• More severe cases require medications or even mechanical circulatory supports like left ventricular assist devices to support heart function.
  • In some cases when treatment is no longer effective, a heart transplant is required.

Reference

  1. https://www.downtoearth.org.in/blog/health/myocarditis-covid-19-is-a-much-bigger-risk-to-the-heart-than-vaccination-81167
  2. https://www.mayoclinic.org/diseases-conditions/myocarditis/symptoms-causes/syc-20352539

ILO World Employment and Social Outlook - Trends 2022

The World Employment and Social Outlook - Trends 2022 was released by the International Labour Organization (ILO).

  • This report examines the impacts of the crisis on global and regional trends in employment, unemployment and labour force participation, as well as on job quality, informal employment and working poverty.
  • It also offers an extensive analysis of trends in temporary employment both before and during the COVID-19 crisis.
  • Findings - Global unemployment is projected to stand at 207 million in 2022. This is 21 million more than in 2019 before the COVID-19 pandemic began.
  • Global working hours in 2022 will be almost 2% below their pre-pandemic level (i.e.,) equivalent to the loss of 52 million full-time jobs.
  • The downgrade in the 2022 forecast reflects the impact of ever new variants of COVID-19 on the world of work.
  • It is estimated that in 2022 around 40 million people will no longer be participating in the global labour force because of,
    • The uncertain path of the pandemic in the future,
    • Wider economic risks such as accelerating inflation,
    • Uneven labour market prospects across the globe.
  • The pandemic has pushed millions of children into poverty.
  • It is estimated that in 2020, an additional 30 million adults fell into extreme poverty (living on less than $1.90 per day in purchasing power parity) while being out of paid work.
  • The number of extreme working poor rose by 8 million.
  • [Extreme working poor includes the workers who do not earn enough through their work to keep themselves and their families above the poverty line.]
  • Many low and middle-income countries have low access to vaccines and limited scope to expand government budgets to address the crisis.
  • Thus, these countries are struggling more than high-income ones to get back to pre-pandemic levels of employment and job quality.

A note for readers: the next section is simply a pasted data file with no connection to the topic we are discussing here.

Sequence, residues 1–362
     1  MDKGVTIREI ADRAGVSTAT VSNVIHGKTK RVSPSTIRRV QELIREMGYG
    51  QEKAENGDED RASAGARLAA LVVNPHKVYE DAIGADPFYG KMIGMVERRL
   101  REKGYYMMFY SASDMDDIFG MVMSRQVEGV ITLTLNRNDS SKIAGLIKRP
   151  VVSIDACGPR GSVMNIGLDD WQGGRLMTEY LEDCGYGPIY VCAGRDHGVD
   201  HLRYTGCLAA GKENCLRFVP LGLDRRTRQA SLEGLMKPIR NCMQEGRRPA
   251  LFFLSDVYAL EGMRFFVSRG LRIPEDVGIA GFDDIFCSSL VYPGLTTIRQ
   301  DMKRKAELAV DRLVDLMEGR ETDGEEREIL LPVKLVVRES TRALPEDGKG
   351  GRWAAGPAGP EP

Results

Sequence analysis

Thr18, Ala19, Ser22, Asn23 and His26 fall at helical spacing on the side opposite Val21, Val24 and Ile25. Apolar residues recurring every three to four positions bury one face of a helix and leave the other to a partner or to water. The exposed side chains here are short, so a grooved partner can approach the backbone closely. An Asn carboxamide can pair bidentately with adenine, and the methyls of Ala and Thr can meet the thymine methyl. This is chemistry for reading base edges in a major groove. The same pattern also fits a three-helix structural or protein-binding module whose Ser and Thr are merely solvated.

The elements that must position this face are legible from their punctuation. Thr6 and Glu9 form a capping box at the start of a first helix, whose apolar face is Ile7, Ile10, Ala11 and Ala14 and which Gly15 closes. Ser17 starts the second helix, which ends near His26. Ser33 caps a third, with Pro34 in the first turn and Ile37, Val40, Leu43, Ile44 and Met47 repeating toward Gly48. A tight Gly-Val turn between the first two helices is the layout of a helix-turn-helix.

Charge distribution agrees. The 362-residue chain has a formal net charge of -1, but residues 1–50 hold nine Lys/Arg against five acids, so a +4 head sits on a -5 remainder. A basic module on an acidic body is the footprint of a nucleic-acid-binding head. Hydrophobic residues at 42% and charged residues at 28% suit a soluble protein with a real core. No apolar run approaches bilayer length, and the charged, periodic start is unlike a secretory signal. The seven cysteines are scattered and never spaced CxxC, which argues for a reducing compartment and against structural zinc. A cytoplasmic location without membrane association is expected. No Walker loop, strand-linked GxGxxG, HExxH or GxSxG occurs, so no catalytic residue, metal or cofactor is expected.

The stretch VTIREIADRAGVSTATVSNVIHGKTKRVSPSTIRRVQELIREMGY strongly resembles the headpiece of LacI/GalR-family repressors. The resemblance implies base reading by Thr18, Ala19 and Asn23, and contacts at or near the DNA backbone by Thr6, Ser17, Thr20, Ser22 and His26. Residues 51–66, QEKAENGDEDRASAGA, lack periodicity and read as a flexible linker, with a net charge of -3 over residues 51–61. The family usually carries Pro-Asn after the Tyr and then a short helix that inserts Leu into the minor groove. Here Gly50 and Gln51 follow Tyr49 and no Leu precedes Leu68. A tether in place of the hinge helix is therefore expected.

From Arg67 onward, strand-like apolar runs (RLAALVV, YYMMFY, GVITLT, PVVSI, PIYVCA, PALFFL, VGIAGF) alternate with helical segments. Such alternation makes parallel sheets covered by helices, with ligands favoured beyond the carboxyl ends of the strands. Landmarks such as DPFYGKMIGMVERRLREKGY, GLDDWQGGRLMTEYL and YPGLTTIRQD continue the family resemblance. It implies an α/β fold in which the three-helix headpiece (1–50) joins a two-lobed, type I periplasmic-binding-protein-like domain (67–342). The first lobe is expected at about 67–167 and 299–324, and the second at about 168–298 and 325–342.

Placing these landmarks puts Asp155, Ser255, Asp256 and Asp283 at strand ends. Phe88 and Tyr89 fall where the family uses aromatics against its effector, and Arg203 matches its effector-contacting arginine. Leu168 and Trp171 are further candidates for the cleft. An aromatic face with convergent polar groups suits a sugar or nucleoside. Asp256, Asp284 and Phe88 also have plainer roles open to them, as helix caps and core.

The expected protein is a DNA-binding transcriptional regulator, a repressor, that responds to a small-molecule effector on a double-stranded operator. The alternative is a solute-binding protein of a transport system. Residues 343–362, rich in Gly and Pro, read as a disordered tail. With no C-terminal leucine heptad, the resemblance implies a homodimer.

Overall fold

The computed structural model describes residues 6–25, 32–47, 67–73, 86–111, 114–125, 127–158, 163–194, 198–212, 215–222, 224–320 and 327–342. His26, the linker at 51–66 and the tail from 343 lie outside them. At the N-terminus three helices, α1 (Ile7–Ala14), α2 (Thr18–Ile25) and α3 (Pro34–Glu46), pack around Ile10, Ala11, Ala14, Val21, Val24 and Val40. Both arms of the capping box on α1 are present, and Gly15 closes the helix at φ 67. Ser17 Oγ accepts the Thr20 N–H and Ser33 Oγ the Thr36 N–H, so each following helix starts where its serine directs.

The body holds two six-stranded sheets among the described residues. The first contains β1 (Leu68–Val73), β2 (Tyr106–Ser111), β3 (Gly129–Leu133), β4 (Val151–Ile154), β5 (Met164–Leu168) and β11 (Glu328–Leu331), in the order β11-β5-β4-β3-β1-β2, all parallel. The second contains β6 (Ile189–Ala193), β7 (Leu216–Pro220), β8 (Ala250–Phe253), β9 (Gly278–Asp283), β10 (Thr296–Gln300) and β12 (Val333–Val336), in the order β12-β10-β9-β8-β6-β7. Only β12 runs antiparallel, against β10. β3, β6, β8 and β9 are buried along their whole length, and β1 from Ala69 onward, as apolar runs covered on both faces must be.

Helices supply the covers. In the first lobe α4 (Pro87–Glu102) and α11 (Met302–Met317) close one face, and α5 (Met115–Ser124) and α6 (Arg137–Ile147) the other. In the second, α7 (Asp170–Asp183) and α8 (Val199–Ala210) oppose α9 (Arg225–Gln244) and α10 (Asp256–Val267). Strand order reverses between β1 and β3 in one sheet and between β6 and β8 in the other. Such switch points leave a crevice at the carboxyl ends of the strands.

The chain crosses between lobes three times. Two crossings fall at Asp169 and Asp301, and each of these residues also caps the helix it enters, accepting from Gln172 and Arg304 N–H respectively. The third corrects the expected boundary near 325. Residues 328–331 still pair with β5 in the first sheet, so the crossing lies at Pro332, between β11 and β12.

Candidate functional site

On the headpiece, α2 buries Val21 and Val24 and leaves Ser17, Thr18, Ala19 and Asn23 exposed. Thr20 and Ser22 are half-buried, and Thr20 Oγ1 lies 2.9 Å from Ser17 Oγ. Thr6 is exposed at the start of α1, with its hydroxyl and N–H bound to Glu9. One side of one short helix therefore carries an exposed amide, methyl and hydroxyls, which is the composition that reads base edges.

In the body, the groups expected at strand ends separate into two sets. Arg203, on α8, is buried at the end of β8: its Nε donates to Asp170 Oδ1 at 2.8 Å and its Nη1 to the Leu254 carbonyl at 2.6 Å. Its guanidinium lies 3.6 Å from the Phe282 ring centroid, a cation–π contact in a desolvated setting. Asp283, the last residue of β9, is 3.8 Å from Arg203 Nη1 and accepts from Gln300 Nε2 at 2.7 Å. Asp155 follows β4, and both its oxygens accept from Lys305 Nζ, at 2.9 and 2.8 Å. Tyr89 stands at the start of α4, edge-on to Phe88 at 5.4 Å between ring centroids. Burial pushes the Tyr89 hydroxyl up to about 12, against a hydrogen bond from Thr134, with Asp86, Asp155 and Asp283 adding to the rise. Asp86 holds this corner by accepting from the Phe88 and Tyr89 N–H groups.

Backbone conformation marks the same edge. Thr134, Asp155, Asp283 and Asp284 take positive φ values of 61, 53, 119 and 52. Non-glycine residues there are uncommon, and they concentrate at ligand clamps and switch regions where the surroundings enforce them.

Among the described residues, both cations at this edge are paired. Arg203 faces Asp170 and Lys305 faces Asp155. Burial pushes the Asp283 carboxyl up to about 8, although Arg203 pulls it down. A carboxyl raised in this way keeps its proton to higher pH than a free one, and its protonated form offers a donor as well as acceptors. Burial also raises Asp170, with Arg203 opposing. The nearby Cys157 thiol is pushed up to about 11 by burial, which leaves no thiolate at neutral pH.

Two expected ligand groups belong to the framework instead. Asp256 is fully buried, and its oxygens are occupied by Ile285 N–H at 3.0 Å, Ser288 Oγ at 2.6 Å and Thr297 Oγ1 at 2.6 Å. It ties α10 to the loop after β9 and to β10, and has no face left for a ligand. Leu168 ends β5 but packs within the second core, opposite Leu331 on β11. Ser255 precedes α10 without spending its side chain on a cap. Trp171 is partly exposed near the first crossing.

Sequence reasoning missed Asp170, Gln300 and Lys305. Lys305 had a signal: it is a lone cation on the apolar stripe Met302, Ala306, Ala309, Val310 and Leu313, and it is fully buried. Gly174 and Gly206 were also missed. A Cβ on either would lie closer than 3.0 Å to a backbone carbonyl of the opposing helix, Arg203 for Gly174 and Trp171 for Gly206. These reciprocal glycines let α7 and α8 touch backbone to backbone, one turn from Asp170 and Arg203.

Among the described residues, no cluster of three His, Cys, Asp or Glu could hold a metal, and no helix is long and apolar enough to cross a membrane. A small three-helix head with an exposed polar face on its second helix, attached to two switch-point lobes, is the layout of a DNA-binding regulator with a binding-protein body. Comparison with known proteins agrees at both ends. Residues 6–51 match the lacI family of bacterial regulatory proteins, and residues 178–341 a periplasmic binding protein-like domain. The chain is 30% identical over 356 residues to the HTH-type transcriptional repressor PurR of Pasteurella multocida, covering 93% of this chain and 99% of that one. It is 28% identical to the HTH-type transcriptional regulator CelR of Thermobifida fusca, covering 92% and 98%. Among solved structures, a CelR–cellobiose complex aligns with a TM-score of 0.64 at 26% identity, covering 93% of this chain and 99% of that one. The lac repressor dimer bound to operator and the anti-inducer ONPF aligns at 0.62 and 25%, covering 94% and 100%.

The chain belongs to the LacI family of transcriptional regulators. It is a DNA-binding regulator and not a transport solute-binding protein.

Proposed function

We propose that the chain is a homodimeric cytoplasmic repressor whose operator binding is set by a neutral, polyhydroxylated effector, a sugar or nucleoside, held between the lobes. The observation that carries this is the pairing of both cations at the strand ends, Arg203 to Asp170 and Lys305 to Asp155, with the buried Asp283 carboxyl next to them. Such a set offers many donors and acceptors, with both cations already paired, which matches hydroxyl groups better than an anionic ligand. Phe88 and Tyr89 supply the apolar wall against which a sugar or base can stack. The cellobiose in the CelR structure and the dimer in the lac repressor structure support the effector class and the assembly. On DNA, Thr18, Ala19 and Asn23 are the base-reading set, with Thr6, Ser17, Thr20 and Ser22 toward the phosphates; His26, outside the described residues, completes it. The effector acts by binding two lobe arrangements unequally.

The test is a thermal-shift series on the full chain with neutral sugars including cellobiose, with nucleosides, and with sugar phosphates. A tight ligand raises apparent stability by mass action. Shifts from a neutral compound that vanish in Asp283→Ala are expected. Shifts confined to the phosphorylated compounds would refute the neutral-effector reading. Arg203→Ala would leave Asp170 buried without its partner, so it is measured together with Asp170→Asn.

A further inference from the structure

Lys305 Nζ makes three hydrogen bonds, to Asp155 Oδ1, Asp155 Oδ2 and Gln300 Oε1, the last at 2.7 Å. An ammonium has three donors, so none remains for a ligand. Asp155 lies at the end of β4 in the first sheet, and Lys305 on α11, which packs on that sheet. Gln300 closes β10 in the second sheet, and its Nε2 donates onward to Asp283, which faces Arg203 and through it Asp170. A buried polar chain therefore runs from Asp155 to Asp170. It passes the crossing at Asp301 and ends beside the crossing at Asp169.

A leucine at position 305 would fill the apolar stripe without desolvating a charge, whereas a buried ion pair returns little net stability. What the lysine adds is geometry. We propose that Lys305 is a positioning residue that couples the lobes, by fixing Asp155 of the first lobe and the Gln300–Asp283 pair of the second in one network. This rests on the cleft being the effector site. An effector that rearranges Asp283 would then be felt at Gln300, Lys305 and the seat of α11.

• Regional Changes - Key labour market indicators in all regions have yet to return to pre-pandemic levels.
  • All regions face severe downside risks to their labour market recovery that stem from the ongoing impact of the pandemic.
  • The outlook is the most negative for Latin America and the Caribbean and for Southeast Asia.
  • Sectoral changes - Some sectors, such as travel and tourism have been particularly hard hit, while other sectors such as those related to information technology have thrived.
  • Women have been worse hit by the labour market crisis than men and this is likely to continue.
  • The closing of education and training institutions will have long-term implications for young people, particularly those without internet access.
  • Temporary jobs - Many temporary workers lost their jobs at the start of the crisis. But, many new temporary jobs have also been created since.
  • There is the need for a broad-based labour market recovery.
  • The recovery must be human-centred, inclusive, sustainable and resilient.

Reference

  1. https://www.downtoearth.org.in/news/governance/global-unemployment-projected-to-stand-at-207-million-in-2022-ilo-81158
  2. https://www.ilo.org/global/research/global-reports/weso/trends2022/WCMS_834081/lang--en/index.htm

Formation of Synapses

A study on Zebrafish reveals how the brain makes its nerve-end connections or synapses.

  • Neurons, or nerve cells, in the brain connect by means of junctions known as synapses through which they transmit signals.
  • There are two types of synapses,
    1. Chemical synapses and
    2. Electrical synapses.
  • In chemical synapses, there is a space of about 20 nanometres between two neurons.
  • Communication happens when a neuron converts electrical signal into chemical ones and this chemical is released into the synaptic space.